Who Hired the Angry Black Woman?
Last month, highly acclaimed television producer, Shonda Rhimes, was titled the “angry black woman” in an article from the New York Times. The article stated that Ms. Rhimes, creator, writer and producer of television favorites like Scandal, Grey’s Anatomy and How to Get Away With Murder, consistently displays the main characters in her top rated television shows as angry.
The article noted also that Ms. Rhimes’ main characters are African-American women. In response to the article, Ms. Rhimes blasted the writer for stereotyping her and her main characters. The comments of the writer from the New York Times indicates that despite your level of accomplishments in the workplace, negative stereotypical remarks remain alive and well.
After reading about this incident involving Ms. Rhimes, I flashed-back to my younger me. As a young worker, I experienced a direct supervisor telling me that “all sisters have attitudes”. My direct supervisor insisted on explaining to me the behavior of “black women as angry and sassy”. Even though this conversation happened over twenty years ago, the words of my supervisor haunts me because I am far from angry. To the contrary, I am always cheerful, kind and conservative in nature.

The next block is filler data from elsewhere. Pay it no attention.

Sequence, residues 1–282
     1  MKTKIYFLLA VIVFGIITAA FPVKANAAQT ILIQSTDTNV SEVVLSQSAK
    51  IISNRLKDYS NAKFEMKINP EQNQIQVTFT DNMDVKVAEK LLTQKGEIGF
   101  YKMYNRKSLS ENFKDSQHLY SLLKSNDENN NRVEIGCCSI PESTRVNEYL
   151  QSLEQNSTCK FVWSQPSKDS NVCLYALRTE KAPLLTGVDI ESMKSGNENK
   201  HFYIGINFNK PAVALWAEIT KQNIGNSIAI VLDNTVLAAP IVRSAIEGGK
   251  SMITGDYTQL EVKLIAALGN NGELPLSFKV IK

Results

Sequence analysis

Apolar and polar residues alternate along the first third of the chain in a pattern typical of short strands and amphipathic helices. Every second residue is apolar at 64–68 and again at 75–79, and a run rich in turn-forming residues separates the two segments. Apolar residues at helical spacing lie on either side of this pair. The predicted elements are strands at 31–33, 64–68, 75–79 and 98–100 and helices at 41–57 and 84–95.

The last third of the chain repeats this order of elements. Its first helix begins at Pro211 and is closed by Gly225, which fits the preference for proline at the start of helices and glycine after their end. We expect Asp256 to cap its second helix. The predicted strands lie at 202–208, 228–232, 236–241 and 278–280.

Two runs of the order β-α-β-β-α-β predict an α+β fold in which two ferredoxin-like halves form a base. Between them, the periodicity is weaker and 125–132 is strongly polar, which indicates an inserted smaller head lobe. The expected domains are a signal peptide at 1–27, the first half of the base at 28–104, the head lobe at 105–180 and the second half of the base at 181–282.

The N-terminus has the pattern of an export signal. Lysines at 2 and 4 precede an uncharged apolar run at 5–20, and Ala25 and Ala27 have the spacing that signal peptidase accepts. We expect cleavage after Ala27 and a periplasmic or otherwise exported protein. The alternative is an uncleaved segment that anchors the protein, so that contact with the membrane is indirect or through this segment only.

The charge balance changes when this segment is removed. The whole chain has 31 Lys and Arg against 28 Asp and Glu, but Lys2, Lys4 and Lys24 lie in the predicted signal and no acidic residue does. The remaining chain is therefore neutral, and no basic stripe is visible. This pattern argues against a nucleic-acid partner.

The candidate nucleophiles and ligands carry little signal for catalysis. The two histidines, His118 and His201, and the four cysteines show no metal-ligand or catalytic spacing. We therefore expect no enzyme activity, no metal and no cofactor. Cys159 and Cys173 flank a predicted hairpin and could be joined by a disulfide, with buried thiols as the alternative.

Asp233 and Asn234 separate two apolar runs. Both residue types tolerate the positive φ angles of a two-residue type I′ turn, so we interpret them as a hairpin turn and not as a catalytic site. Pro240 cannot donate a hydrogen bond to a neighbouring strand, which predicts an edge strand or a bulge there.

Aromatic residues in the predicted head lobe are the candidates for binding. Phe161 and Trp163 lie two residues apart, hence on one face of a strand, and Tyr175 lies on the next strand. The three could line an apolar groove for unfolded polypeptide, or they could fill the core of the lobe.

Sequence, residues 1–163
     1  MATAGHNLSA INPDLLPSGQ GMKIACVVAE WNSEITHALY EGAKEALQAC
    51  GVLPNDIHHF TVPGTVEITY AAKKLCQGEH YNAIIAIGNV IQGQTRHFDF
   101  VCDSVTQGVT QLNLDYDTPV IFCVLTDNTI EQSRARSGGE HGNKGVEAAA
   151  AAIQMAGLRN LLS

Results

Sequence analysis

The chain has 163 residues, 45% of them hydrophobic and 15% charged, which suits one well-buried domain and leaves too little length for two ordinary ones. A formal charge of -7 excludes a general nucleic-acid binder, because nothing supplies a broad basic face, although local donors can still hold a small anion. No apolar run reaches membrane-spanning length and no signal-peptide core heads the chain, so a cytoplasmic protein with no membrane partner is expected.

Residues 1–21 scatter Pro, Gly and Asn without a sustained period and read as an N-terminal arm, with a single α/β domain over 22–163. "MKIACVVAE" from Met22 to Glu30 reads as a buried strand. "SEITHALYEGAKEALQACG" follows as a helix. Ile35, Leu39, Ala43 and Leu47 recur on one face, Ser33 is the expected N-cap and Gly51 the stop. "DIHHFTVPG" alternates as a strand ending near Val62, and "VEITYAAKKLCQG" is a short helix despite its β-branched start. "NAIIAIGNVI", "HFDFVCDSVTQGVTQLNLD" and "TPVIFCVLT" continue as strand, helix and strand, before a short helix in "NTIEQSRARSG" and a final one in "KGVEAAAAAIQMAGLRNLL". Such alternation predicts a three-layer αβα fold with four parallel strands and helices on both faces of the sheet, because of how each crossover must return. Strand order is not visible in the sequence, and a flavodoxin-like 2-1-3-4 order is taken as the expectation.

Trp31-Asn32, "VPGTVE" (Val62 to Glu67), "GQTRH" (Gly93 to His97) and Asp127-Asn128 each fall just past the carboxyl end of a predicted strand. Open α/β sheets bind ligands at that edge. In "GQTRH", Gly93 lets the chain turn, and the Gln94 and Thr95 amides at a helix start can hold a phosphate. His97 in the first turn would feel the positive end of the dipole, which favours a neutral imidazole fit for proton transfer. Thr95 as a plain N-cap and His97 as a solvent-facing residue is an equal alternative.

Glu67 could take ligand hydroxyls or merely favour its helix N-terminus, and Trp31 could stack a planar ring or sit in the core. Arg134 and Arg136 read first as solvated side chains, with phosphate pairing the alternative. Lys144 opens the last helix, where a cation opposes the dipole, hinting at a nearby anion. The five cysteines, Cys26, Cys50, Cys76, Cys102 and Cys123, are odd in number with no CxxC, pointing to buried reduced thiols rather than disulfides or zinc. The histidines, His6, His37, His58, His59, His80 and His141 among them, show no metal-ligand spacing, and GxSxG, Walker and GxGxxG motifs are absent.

How to not be the Angry Black Woman
Nevertheless, as women of color, we cannot stop the negative racist thoughts and comments of others. But, we do not have to perpetuate the stereotype by following these simple steps:
- Control your body movement. Keep your hands by your side or behind your back while communicating with your colleagues and/or supervisors.
- Keep your head still. Do not roll your neck.
- Stick to the facts. There is no room for emotional behavior or over reacting to incidents and/or others.
- Watch the tone in your voice. Remain calm even when being stern.
- Always use proper grammar in written and oral communications.
- If you become angry at work, maintain your composure. Stay professional and don’t not come out of character for anyone and/or anything.